Author(s): Ward Vanlaar, Anna McKiernan, Heather McAteer, Robyn Robertson, Dan Mayhew, David Carr, Steve Brown, Erin Holmes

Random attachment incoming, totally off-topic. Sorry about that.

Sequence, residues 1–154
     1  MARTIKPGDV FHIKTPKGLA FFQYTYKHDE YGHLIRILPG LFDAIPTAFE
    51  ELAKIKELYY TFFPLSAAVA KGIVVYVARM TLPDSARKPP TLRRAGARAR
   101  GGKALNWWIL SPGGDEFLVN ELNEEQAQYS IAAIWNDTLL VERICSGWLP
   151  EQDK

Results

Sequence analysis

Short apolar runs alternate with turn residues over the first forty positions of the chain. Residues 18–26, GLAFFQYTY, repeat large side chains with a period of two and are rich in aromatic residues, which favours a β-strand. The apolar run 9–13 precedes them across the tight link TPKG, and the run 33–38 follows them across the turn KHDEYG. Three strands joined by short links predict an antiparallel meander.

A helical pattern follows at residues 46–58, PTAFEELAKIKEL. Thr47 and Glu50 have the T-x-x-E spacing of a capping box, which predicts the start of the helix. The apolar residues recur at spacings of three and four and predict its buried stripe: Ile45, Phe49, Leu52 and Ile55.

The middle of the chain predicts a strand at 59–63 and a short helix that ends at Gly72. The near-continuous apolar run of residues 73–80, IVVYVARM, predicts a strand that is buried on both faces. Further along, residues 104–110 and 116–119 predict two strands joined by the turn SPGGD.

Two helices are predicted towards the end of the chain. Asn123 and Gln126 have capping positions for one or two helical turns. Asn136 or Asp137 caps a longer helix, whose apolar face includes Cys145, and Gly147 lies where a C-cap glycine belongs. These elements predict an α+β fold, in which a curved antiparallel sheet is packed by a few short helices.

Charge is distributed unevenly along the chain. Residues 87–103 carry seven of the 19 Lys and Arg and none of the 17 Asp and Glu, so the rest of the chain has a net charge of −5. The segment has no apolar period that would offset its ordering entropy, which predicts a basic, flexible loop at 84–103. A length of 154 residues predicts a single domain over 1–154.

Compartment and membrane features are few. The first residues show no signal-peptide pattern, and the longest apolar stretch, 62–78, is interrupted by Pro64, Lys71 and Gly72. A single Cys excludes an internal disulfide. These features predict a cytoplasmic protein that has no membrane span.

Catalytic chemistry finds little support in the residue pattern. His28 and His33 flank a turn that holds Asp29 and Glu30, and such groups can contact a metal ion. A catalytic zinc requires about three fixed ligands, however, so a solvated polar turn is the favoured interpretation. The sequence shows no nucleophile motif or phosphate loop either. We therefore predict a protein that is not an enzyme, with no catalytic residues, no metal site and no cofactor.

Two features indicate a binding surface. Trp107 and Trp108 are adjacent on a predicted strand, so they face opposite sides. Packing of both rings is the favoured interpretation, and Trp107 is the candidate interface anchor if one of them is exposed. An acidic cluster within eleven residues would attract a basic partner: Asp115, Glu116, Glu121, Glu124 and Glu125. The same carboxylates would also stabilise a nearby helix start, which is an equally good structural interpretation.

Seniors represent the fastest growing population group in Canada, as in many other countries. Given the expected increase in elderly drivers with cognitive impairments, efficient and effective screening for impairment will become more important. In light of this need, the objective of this study was to systematically review and meta-analyze the literature for brief non-computerized cognitive screens that were evidenced-based and could be easily adopted in a driver license renewal setting to determine their predictive value to identify unsafe driving behaviors. Relevant studies for this meta-analysis were identified by means of a systematic review of the literature. There was an initial selection of 446 articles which were screened using inclusion criteria into a final sample of nine articles with 15 evaluations that identified 10 different pencil-and-paper tools. A meta-analysis of evaluations of cognitive screening tools which measure driving performance through a road test, driving simulator assessment or motor vehicle crashes was conducted. A small to medium-sized, significant pooled effect of 1.94 was found, meaning that on average, when cognitive screening tools predict a driver is unsafe, there is a 94% greater chance that this driver will indeed exhibit unsafe driving behavior, rather than safe driving behavior. Driving license authorities may consider adopting non-computerized cognitive screening tests since they are brief, low cost, require minimal training, are relatively easy to administer and may assist with driving fitness recommendations.